1498 – Italian explorer Christopher Columbus, working on behalf of the Spanish monarchy, sails along Venezuela’s eastern coast.
1499 – Alonso de Ojeda, a Spanish explorer, apparently names the country’s north coast “Venezuela”, or “little Venice” because of its resemblence to the Italian city.
1521-1522 – Spanish colonisation formally begins on the coast, following a visit by Christopher Columbus in 1499.
1550 – African slaves are shipped to Venezuela to work on plantations.
1810 – The king of Spain is overthrown by France’s Napoleon Bonaparte, providing an opening for anti-colonial movements fighting for independence.
1821 – After a series of bitter battles and short-lived declarations of sovereignty, Gran Colombia – comprising Venezuela, Colombia, Panama and Ecuador, wins independence from Spain. Simon Bolivar, Venezuela’s national hero, plays a key role in the struggle.
1830 – Venezuela seperates from Gran Colombia to become an independent country with Caracas as its capital.
1902 – After failing to repay foreign loans, Venezuela’s ports are blocked by German, British and Italian warships.
1908-1935 – Venezuela becomes one of the world’s largest oil exporters under the leadership of Juan Vicente Gomez, a dictator.
1958 – Leftist Romulo Betancourt is elected president. He oversees the 1963 elections, the country’s first democratic civilian-to-civilian transfer of power.
1964 – Raul Leoni becomes president during a period of known as “puntofijismo”, in which elections are limited to competition between two major parties.
1973 – The Arab oil embargo begins following the “Yom Kippur War” between Arab states and Israel. Oil prices rapidly rise, benefiting Venezuela.
1983 – A fall in world oil prices leads to government spending cuts. President Jaime Lusinchi signs a pact between business, trade unions and government to deal with the fallout.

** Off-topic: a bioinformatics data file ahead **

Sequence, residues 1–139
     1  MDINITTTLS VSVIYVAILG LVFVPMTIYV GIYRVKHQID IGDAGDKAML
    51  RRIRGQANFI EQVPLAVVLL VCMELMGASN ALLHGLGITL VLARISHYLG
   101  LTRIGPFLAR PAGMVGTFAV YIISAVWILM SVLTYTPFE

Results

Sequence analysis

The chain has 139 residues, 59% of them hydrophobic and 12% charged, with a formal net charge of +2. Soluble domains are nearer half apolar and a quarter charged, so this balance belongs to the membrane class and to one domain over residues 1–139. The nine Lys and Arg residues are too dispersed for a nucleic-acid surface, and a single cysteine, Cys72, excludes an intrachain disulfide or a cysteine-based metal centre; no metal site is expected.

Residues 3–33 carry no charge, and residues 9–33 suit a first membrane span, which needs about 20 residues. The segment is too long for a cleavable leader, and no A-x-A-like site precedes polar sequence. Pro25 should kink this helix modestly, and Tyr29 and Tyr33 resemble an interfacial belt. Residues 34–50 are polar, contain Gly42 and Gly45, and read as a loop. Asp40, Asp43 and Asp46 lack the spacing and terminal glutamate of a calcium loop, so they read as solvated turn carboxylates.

1989 – President Carlos Andres Perez is elected president as Venezuela seeks loans from the International Monetary Fund to prop up its economy.
1992 – Hugo Chavez, then a military officer, leads a failed coup attempt and is jailed.
1994 – Chavez is freed from prison and forms a new political party.
1998 – Hugo Chavez is elected president.
1999 – Chavez takes office promising to reduce poverty and corruption.
2000 – Chavez wins presidential elections by a margin above 20 per cent, against challenger Francisco Arias.
2001 – Venezuela’s government decrees a new law requiring PDVSA, the state petroleum company, to hold a majority stake in all upstream oil projects.
2002 – A strike by workers at PDVSA creates political chaos. The opposition launches a coup that ousts Chavez for three days, until democracy is restored by Chavez supporters and loyal members of the security forces.
2002-2003 – Chavez sacks about 20,000 PDVSA employees in light of the coup attempt, and begins using the energy company to finance social programmes.
2004 – Voters defeat an effort to recall Chavez by a wide margin.
2006 – During a vote with exceptionally high turnout, Chavez wins re-election to a new six-year term.
2007 – Chavez takes control over four heavy oil products in the Orinoco belt worth billions of dollars. US oil firms Exxon Mobil and ConocoPhillips leave the country and sue for compensation.
2007 – Chavez suffers his first electoral defeat in a referendum changing dozens of articles in Venezuela’s constitution, including the abolition of term limits.
2008 – Oil prices peak above $145 per barrel, and PDVSA is put in charge of a major food importing campaign to deal with supply shortages.
2010 – Congressional elections lead to significant gains for the opposition, but Chavez’s United Socialist Party still retains a majority.
2011 – Chavez undergoes cancer surgery in Cuba.
October, 2012 – Chavez is re-elected president with a convincing mandate despite his illness.
March 5, 2013 – Chavez died of cancer, a period of national mourning begins.
April 14, 2013 – Presidential election which will see Chavez’s chosen successor, Nicolas Maduro challenge opposition candidate Henrique Capriles.